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Robin in Colorado
04-11-2012, 08:00 AM
Deep background: I have 2 nieces who have sensory issues. One was never treated. The other had profound issues, including auditory processing struggles, and was treated for a while. Belle had serious sensory issues, and was treated with a full battery of things for about 2 years (OT, nutritional therapy, music therapy, listening therapy, cranio-sacral therapy). We started her when she was 4. You'd never know now that she had struggles.

Kitty has some sensory issues including visual ground and some other issues. It took us quite a while to figure out how much she was affected - more than we were able to easily see because of her ability to compensate, and because she presented so differently than Belle. We started her in OT in February and the results are good. It's good to hear her articulate how it's helping her. However, because of her age, we've been told not to expect as many of her issues to resolve; we waited too long for some of them. :(

On to Princess: She's a strong leftie. Born left hand presenting, and will go out of her way to use her left hand. When she was little and began copying drawings, she copied things as if she saw them in the mirror and upside down.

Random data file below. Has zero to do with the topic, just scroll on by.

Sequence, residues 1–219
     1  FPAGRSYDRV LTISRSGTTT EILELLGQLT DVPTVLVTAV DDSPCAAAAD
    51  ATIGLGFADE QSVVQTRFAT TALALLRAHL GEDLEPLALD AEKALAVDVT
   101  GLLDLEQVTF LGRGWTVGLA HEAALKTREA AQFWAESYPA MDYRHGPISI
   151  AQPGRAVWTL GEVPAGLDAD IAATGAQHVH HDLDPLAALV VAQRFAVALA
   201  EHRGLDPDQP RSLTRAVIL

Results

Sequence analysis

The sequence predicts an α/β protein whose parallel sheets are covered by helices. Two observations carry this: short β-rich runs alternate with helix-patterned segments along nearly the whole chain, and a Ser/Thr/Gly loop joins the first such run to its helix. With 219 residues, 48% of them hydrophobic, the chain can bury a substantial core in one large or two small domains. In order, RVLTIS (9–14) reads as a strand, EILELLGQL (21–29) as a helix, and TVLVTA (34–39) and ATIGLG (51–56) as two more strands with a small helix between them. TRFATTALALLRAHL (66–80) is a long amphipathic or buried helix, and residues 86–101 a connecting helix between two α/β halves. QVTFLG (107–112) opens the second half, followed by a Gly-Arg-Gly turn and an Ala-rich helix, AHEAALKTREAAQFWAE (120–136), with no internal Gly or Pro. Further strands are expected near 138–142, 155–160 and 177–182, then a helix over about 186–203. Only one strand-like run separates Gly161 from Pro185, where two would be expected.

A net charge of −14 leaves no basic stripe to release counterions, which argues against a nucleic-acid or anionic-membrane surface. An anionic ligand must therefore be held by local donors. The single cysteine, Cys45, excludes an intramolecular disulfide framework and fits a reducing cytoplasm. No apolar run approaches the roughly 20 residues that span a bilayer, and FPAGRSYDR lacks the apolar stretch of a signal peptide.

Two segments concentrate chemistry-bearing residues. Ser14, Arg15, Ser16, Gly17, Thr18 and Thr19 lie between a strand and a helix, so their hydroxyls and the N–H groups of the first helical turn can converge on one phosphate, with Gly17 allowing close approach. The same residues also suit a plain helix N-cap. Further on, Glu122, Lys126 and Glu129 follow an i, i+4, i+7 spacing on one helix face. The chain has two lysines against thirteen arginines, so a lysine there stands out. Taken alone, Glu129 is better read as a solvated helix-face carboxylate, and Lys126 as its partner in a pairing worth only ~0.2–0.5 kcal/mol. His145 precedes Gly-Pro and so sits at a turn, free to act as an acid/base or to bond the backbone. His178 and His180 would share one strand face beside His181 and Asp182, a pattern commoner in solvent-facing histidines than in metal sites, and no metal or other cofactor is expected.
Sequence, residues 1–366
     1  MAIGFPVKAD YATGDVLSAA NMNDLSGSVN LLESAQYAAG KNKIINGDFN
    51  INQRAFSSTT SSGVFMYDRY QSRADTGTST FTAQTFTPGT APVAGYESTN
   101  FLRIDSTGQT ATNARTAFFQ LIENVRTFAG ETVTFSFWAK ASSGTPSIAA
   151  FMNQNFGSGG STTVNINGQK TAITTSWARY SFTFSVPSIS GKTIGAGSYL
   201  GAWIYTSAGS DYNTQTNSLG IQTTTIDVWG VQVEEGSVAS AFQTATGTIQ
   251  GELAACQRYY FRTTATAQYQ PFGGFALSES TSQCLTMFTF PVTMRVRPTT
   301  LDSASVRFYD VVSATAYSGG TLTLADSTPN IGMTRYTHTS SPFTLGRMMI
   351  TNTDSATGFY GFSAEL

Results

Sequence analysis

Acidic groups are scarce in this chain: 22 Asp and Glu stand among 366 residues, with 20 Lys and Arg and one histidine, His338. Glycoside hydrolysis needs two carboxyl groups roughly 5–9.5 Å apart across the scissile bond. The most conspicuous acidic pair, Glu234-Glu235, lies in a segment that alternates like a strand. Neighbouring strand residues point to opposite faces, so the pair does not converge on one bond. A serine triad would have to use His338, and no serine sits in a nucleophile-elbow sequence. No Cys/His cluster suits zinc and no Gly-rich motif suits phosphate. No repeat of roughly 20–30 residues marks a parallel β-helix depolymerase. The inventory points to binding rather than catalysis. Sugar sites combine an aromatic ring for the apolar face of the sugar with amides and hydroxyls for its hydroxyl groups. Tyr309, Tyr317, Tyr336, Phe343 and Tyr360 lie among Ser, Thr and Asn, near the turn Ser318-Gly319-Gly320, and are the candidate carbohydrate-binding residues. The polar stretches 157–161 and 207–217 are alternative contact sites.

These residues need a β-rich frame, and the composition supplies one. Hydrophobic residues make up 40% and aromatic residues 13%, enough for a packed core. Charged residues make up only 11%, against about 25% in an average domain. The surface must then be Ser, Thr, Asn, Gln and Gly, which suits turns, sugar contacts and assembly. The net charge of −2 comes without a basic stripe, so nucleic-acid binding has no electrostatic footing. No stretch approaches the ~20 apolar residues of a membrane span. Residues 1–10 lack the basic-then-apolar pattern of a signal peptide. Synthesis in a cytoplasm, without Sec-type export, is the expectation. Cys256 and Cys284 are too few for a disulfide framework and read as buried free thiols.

She's been taking piano lessons for 2 1/2 years and enjoys it. However, increasingly in the last several months she is struggling to read the music. She can't recognize the notes, even the same not from measure to measure. She can't tell me why. (I ask her if the notes move, etc. and she can't answer.) She is struggling learning to read. (Boyo reads much better than she does.) She puts her face right down on the page and tells me the letters are tiny. She confuses "i" with "a".

So, I took her to the developmental optomitrist. They did a vision check. I sat in there. They asked her to identify letters, and she would do things like identify "O" as "S". She seemed to struggle quite a bit during the exam, and was exhausted after.

They told me they don't "think" she needs a prescription. What! Either she does or she doesn't. Further, they recommended her for a visual evaluation to see if she needs vision therapy. The eval is $545, and if she needs therapy it will be weekly for 6-9 months. Insurance doesn't cover it. (Nor does it cover Kitty's OT.) But they can't guarantee that she needs VT, only after we give them the (to us) large sum for the test.